To assess if albumin mitigates immunosuppression in decompensated cirrhosis, we investigated the different populations of circulating immune cells, using their respective RNA signatures identified by whole blood RNA sequencing (RNA-seq), in 49 patients hospitalized with acutely decompensated cirrhosis who had or had not received albumin. We enrolled additional patients with acutely decompensated cirrhosis who were assigned to experiments investigating either the ex vivo effects of albumin (i.e., the effects of ex vivo exposure to albumin on bulk RNA-seq in peripheral blood mononuclear cells [PBMCs] or single cell RNA-seq [scRNA-seq] in PBMCs) or the in vivo effect of albumin assessed with the used of flow cytometry before and after albumin administration. Additional experiments also assessed the ex vivo effects of albumin on freshly isolated neutrophils.

As compared with healthy subjects, patients who had not received albumin exhibited significant changes in whole blood transcriptional profiles consistent with increases in RNA signatures of innate myeloid cells (neutrophils, monocytes, dendritic cells) and decreases in RNA signatures of lymphoid cells (T cells, B cells, and natural killer [NK] cells), findings that confirmed those showing a dichotomy in blood between the innate myeloid compartment and the lymphoid compartment. Patients receiving albumin for the usual indications (large-volume paracentesis, spontaneous bacterial peritonitis, type 1 hepatorenal syndrome) had whole blood RNA features of B cell activation associated with immunoglobulin heavy chain class switch recombination, a hallmark of differentiation of B cells into antibody-producing plasma cells. In addition, these patients had features of increased transcription related to neutrophil granules, findings consistent neutrophil activation. Of note, whole blood RNA signatures related to T cells and NK cells were not changed by albumin, findings consistent with an elective effect of albumin on RNA features related to B cells and neutrophils. In newly recruited patients with acutely decompensated cirrhosis, bulk RNA-seq in PBMCs and flow cytometry showed that albumin activated B cells, under ex vivo and in vivo conditions, respectively. Moreover, scRNA-seq of PBMCs showed that ex vivo exposure to albumin rapidly increased the RNA signatures related to transitional B cells and suggested that the action of albumin on B cells was mediated by albumin-driven interaction between regulatory intermediate monocytes and transitional B cells. Finally, additional experiments in neutrophils from patients showed that ex vivo exposure enhanced agonist-induced neutrophil degranulation and the ability of neutrophils to phagocyte and kill Candida albicans, findings consistent with albumin stimulation of neutrophil anti-microbial functions.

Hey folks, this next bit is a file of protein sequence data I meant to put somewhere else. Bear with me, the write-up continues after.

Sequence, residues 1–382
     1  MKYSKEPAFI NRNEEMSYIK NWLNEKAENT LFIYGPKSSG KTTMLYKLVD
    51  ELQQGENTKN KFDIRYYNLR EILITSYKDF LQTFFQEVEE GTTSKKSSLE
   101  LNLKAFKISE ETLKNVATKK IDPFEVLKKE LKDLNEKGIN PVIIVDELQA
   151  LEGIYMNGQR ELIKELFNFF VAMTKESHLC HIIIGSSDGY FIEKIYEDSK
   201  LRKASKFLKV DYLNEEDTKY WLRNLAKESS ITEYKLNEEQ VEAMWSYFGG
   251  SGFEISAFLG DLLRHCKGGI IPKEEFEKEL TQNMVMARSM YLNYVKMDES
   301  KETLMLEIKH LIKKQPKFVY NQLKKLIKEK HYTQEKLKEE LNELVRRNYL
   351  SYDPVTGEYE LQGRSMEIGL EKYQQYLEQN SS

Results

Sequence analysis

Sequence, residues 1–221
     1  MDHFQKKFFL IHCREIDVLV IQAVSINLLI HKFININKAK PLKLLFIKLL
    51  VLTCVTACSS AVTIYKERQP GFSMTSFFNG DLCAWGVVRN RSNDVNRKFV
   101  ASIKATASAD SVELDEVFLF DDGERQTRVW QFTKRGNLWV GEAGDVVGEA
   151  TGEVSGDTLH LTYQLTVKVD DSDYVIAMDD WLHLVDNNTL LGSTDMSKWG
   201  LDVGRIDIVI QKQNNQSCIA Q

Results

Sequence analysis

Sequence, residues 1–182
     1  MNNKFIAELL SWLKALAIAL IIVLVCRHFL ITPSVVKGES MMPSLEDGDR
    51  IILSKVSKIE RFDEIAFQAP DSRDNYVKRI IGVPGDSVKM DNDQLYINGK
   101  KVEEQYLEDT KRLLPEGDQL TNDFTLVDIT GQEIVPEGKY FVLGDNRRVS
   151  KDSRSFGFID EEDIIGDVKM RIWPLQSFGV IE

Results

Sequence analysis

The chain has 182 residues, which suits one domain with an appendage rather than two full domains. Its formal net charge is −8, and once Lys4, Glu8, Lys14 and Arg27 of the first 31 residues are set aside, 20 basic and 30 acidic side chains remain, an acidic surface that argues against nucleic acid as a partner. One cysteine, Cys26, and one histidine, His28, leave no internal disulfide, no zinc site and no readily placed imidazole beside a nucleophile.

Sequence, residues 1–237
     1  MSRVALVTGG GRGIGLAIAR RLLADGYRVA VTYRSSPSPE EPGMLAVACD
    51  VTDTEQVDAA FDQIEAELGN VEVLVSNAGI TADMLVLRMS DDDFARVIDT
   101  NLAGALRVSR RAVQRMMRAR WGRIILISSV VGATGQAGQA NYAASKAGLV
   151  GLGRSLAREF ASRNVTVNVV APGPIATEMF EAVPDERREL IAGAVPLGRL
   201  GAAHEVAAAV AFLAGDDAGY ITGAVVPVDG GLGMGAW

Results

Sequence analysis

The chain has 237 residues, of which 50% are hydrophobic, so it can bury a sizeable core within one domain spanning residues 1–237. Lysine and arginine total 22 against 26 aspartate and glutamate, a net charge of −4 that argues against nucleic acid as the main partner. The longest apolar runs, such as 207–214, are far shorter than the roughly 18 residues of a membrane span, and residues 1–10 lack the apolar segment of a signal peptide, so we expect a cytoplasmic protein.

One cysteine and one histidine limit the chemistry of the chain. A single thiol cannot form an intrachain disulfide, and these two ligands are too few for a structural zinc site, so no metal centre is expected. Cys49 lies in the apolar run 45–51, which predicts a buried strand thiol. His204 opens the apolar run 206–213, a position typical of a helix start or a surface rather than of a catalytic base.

The objectives of this project were to determine whether the use of albumin could improve immunosuppression associated with acutely decompensated cirrhosis. Immunosuppression explains why these patients are prone to develop index or secondary infections. Treating effectively immunosuppression is an unmet medical need. Our study revealed that albumin administration was able to activate B cells and their differentiation to antibody-producing plasma cells and revigorate anti-microbial function of neutrophils. B cells and neutrophils are major players in immune responses against pathogens. Together, these findings strongly suggest that albumin mitigates, at least in part, immunosuppression by stimulating two subsets of cells involved in host immunity. The “immune-stimulating” effect of albumin may have contributed to the decrease in the number bacterial infections observed in the ANSWER study among patients who had been assigned to receive long-term albumin administration. Therefore, albumin administration may become an important component of strategies aiming to restore appropriate host immune responses to pathogens in patients with decompensated cirrhosis.